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3 Tips to Avoid the Active vs Passive Trap

As financial products evolve into increasingly automated and systematic strategies I have begun to notice a big problem – fund managers are increasingly referring to their strategies as “passive”. It’s clear why this is happening – a systematic strategy could arguably be referred to as a passive strategy and passive is synonymous with good. So it’s in the interest of fund companies to avoid being labelled as “active” because then they can call themselves passive and still charge higher fees. But as I’ve noted many times over the years this is a dangerous discussion that can mislead investors if you don’t have a sound understanding of the underlying dynamics.

For example, here’s WealthFront calling their Risk Parity mutual fund “passive”. Risk Parity is a relatively simple strategy. You pick certain asset classes and you weight them by trying to create equal risk exposures between them. For instance, bonds are generally less risky than stocks so a 50/50 stock/bond portfolio isn’t equally weighted in terms of where its risk comes from. So you could leverage your bonds by a certain amount to create greater parity between the two assets. There are a billion different ways to implement such a strategy, but they are all an active deviation from the Global Financial Asset Portfolio. And they will almost certainly result in higher taxes and fees than just buying and holding the GFAP.

Now, this problem is getting worse as time goes by. WealthFront isn’t the first offender and they’re far from the worst. After all, I started noticing this in hedge fund replicating ETF prospectuses after the Financial Crisis and it made my head explode. This view, that we are all active, wasn’t well received at first, but over time more and more people have come around to my view.¹ The problem was, when I started raising a big stink about this issue there was no consistent definition of active vs passive. You might think that passive means low fee and inactive but that can’t  be right because then Warren Buffett is passive and he’s obviously trying to beat the market by picking stocks. Or you might consider any rules based or systematic approach that avoids discretion to be passive, but that can’t be right because then a day trading algorithmic 2&20 hedge fund could be considered passive.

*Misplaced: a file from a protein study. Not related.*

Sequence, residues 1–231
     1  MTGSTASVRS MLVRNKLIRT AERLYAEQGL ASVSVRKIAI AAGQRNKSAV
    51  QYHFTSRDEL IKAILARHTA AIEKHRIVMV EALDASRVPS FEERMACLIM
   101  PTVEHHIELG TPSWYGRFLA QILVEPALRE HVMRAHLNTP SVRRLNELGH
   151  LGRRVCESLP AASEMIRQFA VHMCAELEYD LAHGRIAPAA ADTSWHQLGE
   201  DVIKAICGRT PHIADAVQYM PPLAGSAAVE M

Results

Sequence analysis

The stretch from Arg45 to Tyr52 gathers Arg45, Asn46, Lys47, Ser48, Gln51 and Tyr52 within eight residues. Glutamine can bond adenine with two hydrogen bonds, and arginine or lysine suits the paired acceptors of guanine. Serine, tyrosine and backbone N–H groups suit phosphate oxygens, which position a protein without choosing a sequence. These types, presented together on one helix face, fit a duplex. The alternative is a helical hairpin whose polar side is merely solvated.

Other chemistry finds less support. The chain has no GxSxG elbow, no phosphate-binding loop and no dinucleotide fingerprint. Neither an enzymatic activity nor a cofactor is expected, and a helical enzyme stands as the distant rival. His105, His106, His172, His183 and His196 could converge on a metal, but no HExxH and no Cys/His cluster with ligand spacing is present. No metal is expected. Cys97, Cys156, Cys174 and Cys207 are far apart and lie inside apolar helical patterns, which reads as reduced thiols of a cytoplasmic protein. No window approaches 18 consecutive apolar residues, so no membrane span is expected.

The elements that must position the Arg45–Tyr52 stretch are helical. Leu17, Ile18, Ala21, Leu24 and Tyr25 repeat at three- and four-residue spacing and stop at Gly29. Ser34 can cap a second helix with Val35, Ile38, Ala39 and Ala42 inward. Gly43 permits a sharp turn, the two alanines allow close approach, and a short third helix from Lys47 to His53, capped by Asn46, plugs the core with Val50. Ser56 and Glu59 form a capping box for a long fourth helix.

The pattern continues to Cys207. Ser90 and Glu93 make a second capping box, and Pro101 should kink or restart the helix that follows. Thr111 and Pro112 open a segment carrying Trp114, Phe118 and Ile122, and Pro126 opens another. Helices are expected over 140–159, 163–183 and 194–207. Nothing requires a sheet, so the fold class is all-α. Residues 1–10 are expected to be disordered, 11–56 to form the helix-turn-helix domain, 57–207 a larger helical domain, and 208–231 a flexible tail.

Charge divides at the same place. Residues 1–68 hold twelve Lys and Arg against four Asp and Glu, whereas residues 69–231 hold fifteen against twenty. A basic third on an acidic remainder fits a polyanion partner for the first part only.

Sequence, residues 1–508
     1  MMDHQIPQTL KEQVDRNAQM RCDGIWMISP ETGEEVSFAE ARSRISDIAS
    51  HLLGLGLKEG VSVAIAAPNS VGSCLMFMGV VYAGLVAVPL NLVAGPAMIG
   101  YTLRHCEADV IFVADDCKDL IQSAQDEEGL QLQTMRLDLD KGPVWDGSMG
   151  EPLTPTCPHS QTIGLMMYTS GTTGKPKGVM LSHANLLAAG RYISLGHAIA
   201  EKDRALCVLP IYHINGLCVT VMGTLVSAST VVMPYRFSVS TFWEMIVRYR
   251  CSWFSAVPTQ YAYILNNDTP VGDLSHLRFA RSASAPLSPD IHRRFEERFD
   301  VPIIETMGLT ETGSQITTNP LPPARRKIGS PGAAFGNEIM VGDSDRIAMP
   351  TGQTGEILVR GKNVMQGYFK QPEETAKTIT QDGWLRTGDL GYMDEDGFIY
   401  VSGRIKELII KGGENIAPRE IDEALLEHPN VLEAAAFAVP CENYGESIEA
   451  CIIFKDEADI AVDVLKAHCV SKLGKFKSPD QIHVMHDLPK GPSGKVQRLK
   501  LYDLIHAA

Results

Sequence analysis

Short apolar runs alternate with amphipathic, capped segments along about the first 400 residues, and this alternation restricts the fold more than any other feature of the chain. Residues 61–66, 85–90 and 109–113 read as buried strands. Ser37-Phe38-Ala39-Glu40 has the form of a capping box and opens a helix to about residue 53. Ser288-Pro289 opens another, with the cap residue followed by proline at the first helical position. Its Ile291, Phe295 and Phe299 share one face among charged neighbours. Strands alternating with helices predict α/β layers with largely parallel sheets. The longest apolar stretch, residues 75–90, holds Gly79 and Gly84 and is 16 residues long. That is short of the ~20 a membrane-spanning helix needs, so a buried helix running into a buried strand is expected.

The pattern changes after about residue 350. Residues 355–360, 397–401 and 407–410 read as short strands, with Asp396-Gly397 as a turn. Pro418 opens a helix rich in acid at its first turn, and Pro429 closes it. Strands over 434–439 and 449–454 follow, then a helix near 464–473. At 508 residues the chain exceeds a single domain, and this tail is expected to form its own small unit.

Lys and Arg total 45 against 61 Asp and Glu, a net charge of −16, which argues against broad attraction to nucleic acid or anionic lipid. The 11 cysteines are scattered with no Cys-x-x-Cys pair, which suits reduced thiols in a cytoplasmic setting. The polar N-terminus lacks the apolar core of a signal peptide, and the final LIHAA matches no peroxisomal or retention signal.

The more I thought about all of this the more I came back to macro-consistent first principles. The only possible “passive” portfolio has to be the Global Financial Asset Portfolio held in the accurate weightings of its current market cap. That is “the market” and anyone who deviates from it is making discretionary decisions that essentially say “the market is wrong”. When viewed thru this lens it becomes obvious that we are all “asset pickers” of some sort. We all necessarily deviate from the GFAP. Some of those deviations are smart (like market cap weighted indexing) and some of those deviations are stupid (like day trading). But the important point is that we are all active and that’s okay within certain parameters.

This is a liberating perspective because it releases us from the misleading marketing attempts that are becoming more prevalent. Instead, when you look at all strategies as active you can begin to objectively analyze those strategies for what they really are instead of being duped into what someone else wants us to think they are.

Make no mistake – this problem is about to get much worse. As more and more systematic funds are launched an increasing number of managers will try to claim their funds are passive when they are indeed active.

So, the important question is, how can we objectively analyze strategies to avoid these marketing gimmicks. Here are a few tips:

  1. Always start by assuming every strategy is active. This creates a level playing field and instantly removes the potential that you’ll see “passive” and assume “good”.
  2. Always default to “simple is better”. When an asset manager is trying too hard to sell a concept or idea there’s a good chance that they know it doesn’t really work so they have to push it on people.
  3. Avoid the alpha chase. Most asset managers know you want to get rich. So they try to sell you the hope of market beating returns in exchange for the guarantee of high fees. But remember that your financial goals have nothing to do with “beating the market” and instead have everything to do with generating an appropriate type of return consistent with your risk profile and future financial needs.

As I said before, this is going to become a bigger and bigger problem over time as fund technology evolves and becomes more systematic. Be careful not to fall for the broad overly general marketing terms that some companies will use to sell their funds. Instead, take a look under the hood and try to understand that strategy for what it really is.

¹ – Funny story – the only website I’ve ever been banned on is the Bogleheads website where I once tried to explain this point. The moderators refused to accept the idea and actually banned me for expressing what is now becoming a widely held view. The craziest point about this is that my view actually reinforces and strengthens the Boglehead view. There’s nothing inconsistent with being a smart low fee diversified indexer and being (marginally) active.